Chr 16:1-7).  He wrote twelve (12) psalms.

The Sons of Korah - These were Levites who served in the Temple (1 Chr
26:1-19).  They wrote twelve (12) psalms.

Solomon - At least two (2) psalms are attributed to him (Ps 72, 127). 
That he wrote many more is stated in 1Ki 4:29-32.

Moses - As indicated above, he wrote the earliest psalms; one is
included in Psalms (Ps 90).

Heman - Contemporary with David and Asaph, and is known as "the singer"
(1Ch 6:33).  He wrote one psalm (Ps 88) that has been preserved.

Ethan - A companion with Asaph and Heman in the Temple worship (1 Chr
15:19).  He wrote one psalm (Ps 89).

Anonymous - The authorship of forty-eight (48) of the psalms is unknown.

4) The Arrangement Of The Psalms

The Psalms were originally collected into five "books", apparently
according to the material found within them...

Book I (Ps 1-41)
Book II (Ps 42-72)
Book III (Ps 73-89)
Book IV (Ps 90-106) about the exile
Book V (Ps 107-150)

The Psalms can also be arranged into chief "groups"...

Alphabetic or Acrostic - These psalms have lines which in Hebrew start
with words whose first letters follow a certain pattern.  For example,
in Ps 119 the first eight lines start with words beginning with the
Hebrew letter ALEPH, the second eight lines with words beginning with
BETH, etc.  This may have been done to aid in the memorization of the

Ethical - These psalms teach moral principles.  A good example is Psa 15.

Hallelujah - These are psalms of praise, beginning and/or ending with
"hallelujah" or "praise Jehovah".  Ps 103 is one such example.

Historical - Psalms which review the history of God's dealings with His
people.  A good sample would be Ps 106.

Imprecatory - These psalms invoke God to bring punishment or judgment
upon one's enemies.  Consider Ps 69 as an example.

Messianic - Psalms pertaining to the coming Messiah.  For example, look
at Ps 2 or Ps 110.

Penitential - These are psalms expressing sorrow for sins that have
been committed.  A classic example is David's psalm in Ps 51.

Songs Of Ascent (or Songs Of Degrees) - These psalms were possibly sung
by pilgrims on the way to Jerusalem to observe the feasts.  They are 
grouped together as Ps 120-134.

Suffering - These psalms are cries of those suffering affliction.  Psa
102 is a typical example.

Thanksgiving - Psalms of grateful praise to Jehovah for blessings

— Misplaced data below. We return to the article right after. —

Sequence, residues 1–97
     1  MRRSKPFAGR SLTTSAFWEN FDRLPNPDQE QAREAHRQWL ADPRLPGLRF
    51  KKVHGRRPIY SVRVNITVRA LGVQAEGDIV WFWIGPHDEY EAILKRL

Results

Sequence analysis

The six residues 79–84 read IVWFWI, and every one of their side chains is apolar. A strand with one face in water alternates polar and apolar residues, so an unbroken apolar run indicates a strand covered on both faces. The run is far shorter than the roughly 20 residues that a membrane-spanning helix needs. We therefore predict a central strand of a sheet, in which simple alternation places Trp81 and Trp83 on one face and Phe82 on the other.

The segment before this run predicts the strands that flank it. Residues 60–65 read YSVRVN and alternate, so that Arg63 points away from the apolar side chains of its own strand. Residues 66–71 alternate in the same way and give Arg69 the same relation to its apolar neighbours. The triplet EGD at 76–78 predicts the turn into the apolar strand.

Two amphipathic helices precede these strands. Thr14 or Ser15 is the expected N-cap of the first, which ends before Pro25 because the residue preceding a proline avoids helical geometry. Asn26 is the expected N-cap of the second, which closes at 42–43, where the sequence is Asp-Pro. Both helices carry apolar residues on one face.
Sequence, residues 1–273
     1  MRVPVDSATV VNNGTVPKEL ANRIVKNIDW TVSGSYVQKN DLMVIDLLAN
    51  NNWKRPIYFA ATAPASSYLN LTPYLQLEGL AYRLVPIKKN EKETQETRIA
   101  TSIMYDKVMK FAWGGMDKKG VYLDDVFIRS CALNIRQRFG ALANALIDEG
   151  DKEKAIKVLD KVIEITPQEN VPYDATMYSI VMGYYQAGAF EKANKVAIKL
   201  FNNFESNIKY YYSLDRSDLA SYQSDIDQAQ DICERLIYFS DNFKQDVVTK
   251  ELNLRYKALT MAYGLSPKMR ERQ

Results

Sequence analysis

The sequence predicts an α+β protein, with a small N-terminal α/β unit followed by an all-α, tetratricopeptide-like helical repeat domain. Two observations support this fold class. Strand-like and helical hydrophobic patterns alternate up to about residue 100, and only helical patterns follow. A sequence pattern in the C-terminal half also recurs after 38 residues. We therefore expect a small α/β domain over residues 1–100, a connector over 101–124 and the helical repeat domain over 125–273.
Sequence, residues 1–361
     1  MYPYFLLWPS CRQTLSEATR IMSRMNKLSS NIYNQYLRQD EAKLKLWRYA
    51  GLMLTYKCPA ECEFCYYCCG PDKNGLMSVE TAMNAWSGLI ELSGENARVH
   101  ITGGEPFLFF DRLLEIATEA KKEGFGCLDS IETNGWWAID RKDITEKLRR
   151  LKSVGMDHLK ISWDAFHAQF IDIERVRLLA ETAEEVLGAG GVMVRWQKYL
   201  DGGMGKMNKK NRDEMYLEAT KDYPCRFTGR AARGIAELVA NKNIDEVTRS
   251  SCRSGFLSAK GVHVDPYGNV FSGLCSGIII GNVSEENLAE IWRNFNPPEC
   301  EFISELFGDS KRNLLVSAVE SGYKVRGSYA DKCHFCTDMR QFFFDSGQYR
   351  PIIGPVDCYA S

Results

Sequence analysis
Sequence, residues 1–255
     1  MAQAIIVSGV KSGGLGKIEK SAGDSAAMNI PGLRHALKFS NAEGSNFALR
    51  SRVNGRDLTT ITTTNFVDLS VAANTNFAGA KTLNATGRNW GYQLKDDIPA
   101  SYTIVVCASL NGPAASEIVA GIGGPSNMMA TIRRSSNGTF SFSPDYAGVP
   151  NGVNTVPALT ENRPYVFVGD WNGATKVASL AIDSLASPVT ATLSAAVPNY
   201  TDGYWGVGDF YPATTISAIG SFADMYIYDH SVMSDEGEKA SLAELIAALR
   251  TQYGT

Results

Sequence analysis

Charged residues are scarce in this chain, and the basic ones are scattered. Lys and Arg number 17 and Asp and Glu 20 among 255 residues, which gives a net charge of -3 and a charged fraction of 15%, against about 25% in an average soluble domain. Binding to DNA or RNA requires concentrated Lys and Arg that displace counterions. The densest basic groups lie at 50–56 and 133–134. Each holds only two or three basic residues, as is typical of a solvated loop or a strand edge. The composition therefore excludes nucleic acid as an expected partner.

received.  For example, take a look at Ps 100.

The various "styles" of the psalms can be described as...

Didactic - Psalms of teaching and instruction (e.g., Ps 1).

Liturgical - Responsive readings, for use in special services (e.g. Ps 136).

Meditation - The ancient Hebrews were given to meditation, which spirit
finds expression in many of the psalms (e.g., Ps 119).

Praise and Devotion - Psalms of joyful praise (e.g., Ps 148).

Prayer and Petition - Psalms which were sung in an attitude of prayer
(e.g. Ps 51).

Hopefully, this brief background of the Book Of Psalms will help one
gain a better feel and appreciation for this type of Scripture.  

Review Questions For The Introduction

1) According to Ro 15:4, why was the Old Testament written?
   - For our learning
   - That through the patience and comfort of the Scriptures we might
     have hope

2) According to 1Co 10:11, why were the events in Old Testament times
   - For our admonition

3) As Paul reminded Timothy, of what value were the Scriptures (Old
   Testament) he had learned as a child? (cf. 2Ti 3:14-15)
   - They were able to make him wise regarding the salvation through
     faith in Christ Jesus

4) What is Scripture profitable for, including the Old Testament? (cf.
   2Ti 3:16-17)
   - Doctrine
   - Reproof
   - Correction
   - Instruction in righteousness
   - To make the man of God complete, thoroughly equipped for every 
     good work

5) What three Scriptures teach Christians to utilize the Psalms?
   - Ep 5:19; Col 3:16; Jm 5:13

6) What are the Psalms capable of serving for the Christian?
   - As the Christian's "hymnal"
   - As the Christian's "prayer book"
   - As the Christian's "book of evidence"
   - As the Christian's "training guide" for living holy and righteous lives

7) What will be the aim of this study in the Psalms?
   - To become more familiar with Old Testament poetry
   - To develop an appreciation and working knowledge of the Psalms
   - To glean a clearer picture of God's character
   - To learn more of the Christ in prophecy
   - To consider examples of fulfilled prophecies

8) What three characteristics of Hebrew poetry were pointed out in this
   - The use of "thought rhyme"
   - The lack of poetic rhythm
   - The use of figurative expression

9) List the five different types of "parallelism" described in this study.
   - Synonymous
   - Antithetical
   - Synthetic
   - Progressive
   - Introverted

10) What was the original meaning of the word "psalm"?
   - To pluck

11) In New Testament worship, what is the instrument upon which melody
    is to be played? (cf. Ep 5:19)
   - The heart

12) Who wrote some of the earliest Psalms?
   - Moses

13) When did the writing of Psalms reach its peak?
   - During the time of David

14) List some of the authors who penned the Psalms in our Bible.
   - David (73), Asaph (12), the sons of Korah (12), Solomon (2), Moses
     (1), Heman (1), Ethan (1), anonymous (48)

15) List different "groups" into which the Psalms can be placed.
   - Alphabetic (Acrostic), Ethical, Hallelujah, Historical, 
     Imprecatory, Messianic, Penitential, Songs Of Ascent (Degrees),
     Suffering, Thanksgiving

16) List the different "styles" of the Psalms.
   - Didactic, Liturgical, Meditation, Praise and Devotion, Prayer and